"I've Lost £50,000 in Two Weeks"

Private investor Graham Smith is worried about his health and wealth as a result of the coronavirus

Emma Simon 18 March, 2020 | 10:45AM
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Graham Smith, 62, was hoping to retire within the next three years but his plans will have to be reviewed in light of the economic turmoil caused by coronavirus. Graham, who now works part time for a start-up tech company, says the stock market falls have had a “severe” effect on his pension.

He says: “I have been trying not to look at what it’s now worth, but last time I checked around £50,000 has been wiped off its value.” This pension, with a former employer, is a defined contribution scheme, which means the value of the pot is not guaranteed but is determined by contribution levels and the performance of the underlying funds.

Graham, who lives in London with his wife and two sons, says: “I left this company four years ago and I think the current value of the fund is around the same as when I left, so that’s four years of growth wiped out in less than two weeks. I’m aware that you have to expect volatility with any stock market investment, but this certainly seems to be one of the most extreme events I’ve seen.”

Graham is particularly concerned because, now he has left that employer, he can no longer add further contributions to the pension to help bolster its value. “I could buy units at a lower price now, which might mitigate some of these falls when markets start to turn again,” he says.

The upshot of the latest bout of volatility is that Graham, and many others in his situation, may end up working for longer than planned.

How Have Bonds Performed?

This pension fund is split across a range of BlackRock tracker funds including holdings in BlackRock ACS Continental Europe Equity Tracker, BlackRock ACS UK Equity Tracker and BlackRock ACS Japan Equity Index. He also holds a fund investing in five-year index linked gilts and another in 15-year fixed interest securities.

Graham says: “I don’t know whether the investments in gilts and fixed interest have performed better in the current turbulence. I tried to look at valuations via the pension’s online app, but the data for individual funds seems to only show the performance up to the end of January.”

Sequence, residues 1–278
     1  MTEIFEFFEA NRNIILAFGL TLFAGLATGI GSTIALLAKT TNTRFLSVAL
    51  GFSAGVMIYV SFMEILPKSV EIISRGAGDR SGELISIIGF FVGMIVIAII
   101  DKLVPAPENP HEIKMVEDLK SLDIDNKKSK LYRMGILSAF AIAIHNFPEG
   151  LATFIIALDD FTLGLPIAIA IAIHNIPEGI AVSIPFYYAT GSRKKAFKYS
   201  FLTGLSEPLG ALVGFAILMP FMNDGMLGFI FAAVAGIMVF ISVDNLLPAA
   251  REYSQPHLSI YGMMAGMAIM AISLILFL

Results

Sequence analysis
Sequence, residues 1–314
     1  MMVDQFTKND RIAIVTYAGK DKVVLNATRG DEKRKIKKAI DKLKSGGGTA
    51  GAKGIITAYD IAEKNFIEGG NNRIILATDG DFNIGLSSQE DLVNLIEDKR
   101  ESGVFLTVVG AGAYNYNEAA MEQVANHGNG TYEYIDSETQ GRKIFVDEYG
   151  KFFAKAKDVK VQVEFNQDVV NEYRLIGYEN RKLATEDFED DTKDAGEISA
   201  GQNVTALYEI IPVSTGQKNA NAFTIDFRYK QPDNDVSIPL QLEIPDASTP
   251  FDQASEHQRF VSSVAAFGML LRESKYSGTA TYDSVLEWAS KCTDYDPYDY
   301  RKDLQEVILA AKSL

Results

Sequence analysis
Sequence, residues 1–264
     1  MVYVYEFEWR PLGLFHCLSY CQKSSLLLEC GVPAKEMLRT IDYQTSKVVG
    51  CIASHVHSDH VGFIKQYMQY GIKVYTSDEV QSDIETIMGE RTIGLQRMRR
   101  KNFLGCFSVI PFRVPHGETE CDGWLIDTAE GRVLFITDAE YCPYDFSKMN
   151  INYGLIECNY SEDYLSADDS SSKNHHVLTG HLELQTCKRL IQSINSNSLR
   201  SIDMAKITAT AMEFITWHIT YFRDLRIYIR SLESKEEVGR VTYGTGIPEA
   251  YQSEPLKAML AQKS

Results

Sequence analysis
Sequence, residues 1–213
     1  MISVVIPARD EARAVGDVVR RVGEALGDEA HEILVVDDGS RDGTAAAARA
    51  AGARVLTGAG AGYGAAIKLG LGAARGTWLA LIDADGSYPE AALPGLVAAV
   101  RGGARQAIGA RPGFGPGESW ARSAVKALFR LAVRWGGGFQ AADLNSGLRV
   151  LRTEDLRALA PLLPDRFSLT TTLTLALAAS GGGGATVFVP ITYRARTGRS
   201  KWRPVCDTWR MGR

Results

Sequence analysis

He acknowledges, however, that with the stock market moving so wildly each day, it is difficult to anticipate how various assets will perform. A £330 billion monetary stimulus package from the government could affect the bond market too. “I guess, like most people, I will have to just wait and see,” says Graham, who adds that the health of friends and family and trying to get food from the supermarket are bigger concerns at the moment.

Graham also has a defined benefit, or final salary, workplace pension, so is not wholly reliant on this pension fund. This pot will pay out a fixed sum for the rest of his life, while he hasn’t taken this up yet while he has still been working. He may now end up accessing this pot sooner than expected, however, and is concerned that the current crisis could cause problems for big pension schemes such as this. “I am going to do some research about whether I would have more protection if I am taking this income, should the scheme go bust,” he says.

Graham also has a couple of Isas, but these are small compared to his pensions, which he has prioritised because of the employer contributions and generous tax relief. The money in his stocks and shares Isa is split between the M&G Recovery and Bronze-Rated Liontrust Smaller Companies funds, and he also has a cash account. He adds: “Ironically, I had been thinking for the past year or so that I should shift the cash one, as the returns are next to nothing, but I’m quite glad I never got around to doing it. It’s a little rainy-day fund should we need it now!”

The information contained within is for educational and informational purposes ONLY. It is not intended nor should it be considered an invitation or inducement to buy or sell a security or securities noted within nor should it be viewed as a communication intended to persuade or incite you to buy or sell security or securities noted within. Any commentary provided is the opinion of the author and should not be considered a personalised recommendation. The information contained within should not be a person's sole basis for making an investment decision. Please contact your financial professional before making an investment decision.

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About Author

Emma Simon

Emma Simon  is a financial journalist, specialising in investment and consumer issues, writing for Morningstar.co.uk